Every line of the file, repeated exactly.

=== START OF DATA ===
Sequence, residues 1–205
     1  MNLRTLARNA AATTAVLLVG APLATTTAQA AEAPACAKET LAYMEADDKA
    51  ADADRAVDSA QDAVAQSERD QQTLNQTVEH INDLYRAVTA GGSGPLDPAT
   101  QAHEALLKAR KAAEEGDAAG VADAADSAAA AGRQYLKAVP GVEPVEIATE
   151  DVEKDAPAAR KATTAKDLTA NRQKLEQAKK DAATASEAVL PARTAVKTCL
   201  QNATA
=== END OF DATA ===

Sequence, residues 1–205
     1  MNLRTLARNA AATTAVLLVG APLATTTAQA AEAPACAKET LAYMEADDKA
    51  ADADRAVDSA QDAVAQSERD QQTLNQTVEH INDLYRAVTA GGSGPLDPAT
   101  QAHEALLKAR KAAEEGDAAG VADAADSAAA AGRQYLKAVP GVEPVEIATE
   151  DVEKDAPAAR KATTAKDLTA NRQKLEQAKK DAATASEAVL PARTAVKTCL
   201  QNATA